"Personal Information " is broadly defined as any information about an identifiable individual that can be used to distinguish or identify a specific individual; may be factual or subjective, recorded or not.
- Age, name, ID numbers, income
- Opinions, evaluations, comments, disciplinary actions
- Employee files, medical and benefits information
2. ASSIGNING RESPONSIBILITY
The Privacy Officer has three main responsibilities:
- To encourage compliance with the Ten Principles of the Protection of Privacy (see Appendix 1)
- To respond to issues related to personal information including responding to request for access and correction of personal info.
- To work with the provincial Information and Privacy Commissioner during an investigation should a complaint be filed.
3. LEARNING THE TEN PRIVACY PRINCIPLES
These principles are legally binding rules regulating how organizations collect, use, disclose and ensure the security of personal information. (Appendix 1) Learn and understand them.
4. CONDUCTING A PRIVACY AUDIT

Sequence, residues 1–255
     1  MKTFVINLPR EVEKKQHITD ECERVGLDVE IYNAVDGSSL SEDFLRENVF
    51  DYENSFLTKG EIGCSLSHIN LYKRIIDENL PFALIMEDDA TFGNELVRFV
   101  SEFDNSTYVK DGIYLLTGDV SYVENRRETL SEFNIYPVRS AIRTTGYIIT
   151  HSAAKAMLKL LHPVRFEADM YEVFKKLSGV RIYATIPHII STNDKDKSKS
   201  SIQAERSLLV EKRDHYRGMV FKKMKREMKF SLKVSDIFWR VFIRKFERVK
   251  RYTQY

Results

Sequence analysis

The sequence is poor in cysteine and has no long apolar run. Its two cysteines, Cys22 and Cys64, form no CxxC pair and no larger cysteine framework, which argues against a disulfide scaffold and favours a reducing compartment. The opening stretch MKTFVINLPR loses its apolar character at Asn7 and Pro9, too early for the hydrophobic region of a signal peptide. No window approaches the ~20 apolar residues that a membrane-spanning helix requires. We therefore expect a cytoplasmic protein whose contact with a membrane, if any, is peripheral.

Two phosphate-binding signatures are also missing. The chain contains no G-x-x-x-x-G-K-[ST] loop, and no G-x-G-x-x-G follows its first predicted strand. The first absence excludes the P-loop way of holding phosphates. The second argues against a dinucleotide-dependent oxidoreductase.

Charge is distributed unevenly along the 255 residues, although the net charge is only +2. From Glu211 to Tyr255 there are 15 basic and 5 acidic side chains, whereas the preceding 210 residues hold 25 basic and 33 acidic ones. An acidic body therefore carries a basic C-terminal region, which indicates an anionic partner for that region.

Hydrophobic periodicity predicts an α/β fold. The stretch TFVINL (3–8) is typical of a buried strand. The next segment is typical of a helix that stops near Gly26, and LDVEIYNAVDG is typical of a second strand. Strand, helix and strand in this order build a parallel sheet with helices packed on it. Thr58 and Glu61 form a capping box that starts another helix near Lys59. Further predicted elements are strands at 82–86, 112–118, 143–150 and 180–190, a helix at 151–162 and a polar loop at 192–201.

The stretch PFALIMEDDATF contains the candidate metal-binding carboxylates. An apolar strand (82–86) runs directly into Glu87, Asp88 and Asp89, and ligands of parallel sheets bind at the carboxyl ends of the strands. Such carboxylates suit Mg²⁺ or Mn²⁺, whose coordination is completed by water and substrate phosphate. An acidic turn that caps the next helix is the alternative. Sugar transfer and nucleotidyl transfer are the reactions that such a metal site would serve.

To comply with PIPA, it is essential to identify what personal information is being held by the organization, how it is being held, who has access to it, and what are the current security and disposal procedures.
Generally speaking Clubs collect
- Information related to athletes-addresses, parents, age, medical conditions, emergency contacts
- Athlete performance records
- Employment records related to staff (if applicable)
If you collect personal information other than that outlined above, such as email addresses of those who have access to the organization's website, please refer to the government website: www.mser.gov.bc.ca/foi_pop/privacy/tools/PIPA_tool_5.htm
In Appendix VII find an Audit Chart that contains questions to assist you in conducting your organization's audit.
5. PUTTING YOUR ORGANIZATION TO THE TEST
Is the information being collected used?